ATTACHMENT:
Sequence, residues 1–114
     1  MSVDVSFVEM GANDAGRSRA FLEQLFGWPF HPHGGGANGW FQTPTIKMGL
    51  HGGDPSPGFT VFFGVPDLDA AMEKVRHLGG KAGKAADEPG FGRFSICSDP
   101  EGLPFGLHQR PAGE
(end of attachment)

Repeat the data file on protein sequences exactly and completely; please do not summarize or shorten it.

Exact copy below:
Sequence, residues 1–114
     1  MSVDVSFVEM GANDAGRSRA FLEQLFGWPF HPHGGGANGW FQTPTIKMGL
    51  HGGDPSPGFT VFFGVPDLDA AMEKVRHLGG KAGKAADEPG FGRFSICSDP
   101  EGLPFGLHQR PAGE